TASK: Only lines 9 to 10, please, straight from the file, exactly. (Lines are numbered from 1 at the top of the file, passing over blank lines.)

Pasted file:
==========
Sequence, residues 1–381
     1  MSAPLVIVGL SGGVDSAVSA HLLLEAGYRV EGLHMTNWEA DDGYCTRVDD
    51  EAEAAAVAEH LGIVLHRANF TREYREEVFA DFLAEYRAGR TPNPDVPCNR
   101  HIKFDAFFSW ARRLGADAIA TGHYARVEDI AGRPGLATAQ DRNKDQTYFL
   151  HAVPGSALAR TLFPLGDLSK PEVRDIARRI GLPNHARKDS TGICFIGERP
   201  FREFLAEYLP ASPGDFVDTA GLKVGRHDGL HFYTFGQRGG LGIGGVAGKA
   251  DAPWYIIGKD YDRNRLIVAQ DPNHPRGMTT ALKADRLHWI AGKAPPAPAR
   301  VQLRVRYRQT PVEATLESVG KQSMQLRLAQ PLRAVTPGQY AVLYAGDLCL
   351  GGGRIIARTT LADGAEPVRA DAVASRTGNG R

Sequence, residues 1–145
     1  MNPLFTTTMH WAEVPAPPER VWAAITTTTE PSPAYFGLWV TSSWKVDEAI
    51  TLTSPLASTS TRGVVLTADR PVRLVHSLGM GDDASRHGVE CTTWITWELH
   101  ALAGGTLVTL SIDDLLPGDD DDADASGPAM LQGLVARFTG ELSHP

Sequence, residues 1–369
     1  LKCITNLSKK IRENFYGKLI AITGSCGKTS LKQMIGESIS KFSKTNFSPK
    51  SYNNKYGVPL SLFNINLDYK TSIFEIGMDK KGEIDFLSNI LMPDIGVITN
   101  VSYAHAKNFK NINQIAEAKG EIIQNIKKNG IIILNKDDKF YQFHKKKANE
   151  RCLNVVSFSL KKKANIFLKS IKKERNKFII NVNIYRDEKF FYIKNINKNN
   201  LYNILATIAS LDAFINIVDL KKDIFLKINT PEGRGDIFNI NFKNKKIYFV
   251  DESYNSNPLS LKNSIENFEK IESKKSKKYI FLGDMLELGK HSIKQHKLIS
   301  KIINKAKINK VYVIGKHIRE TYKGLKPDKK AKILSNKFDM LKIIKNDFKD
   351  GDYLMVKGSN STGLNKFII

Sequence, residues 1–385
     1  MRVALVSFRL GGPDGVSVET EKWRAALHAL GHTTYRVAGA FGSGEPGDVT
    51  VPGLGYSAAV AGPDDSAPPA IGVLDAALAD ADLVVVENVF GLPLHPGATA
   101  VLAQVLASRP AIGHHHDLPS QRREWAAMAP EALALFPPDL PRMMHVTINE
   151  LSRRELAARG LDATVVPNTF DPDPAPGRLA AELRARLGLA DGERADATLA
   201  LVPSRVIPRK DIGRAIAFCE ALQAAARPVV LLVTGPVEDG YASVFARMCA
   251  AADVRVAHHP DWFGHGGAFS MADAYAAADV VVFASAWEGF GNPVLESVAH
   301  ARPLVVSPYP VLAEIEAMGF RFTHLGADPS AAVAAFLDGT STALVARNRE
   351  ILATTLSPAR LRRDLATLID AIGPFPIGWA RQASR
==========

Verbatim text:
   351  GGGRIIARTT LADGAEPVRA DAVASRTGNG R

Sequence, residues 1–145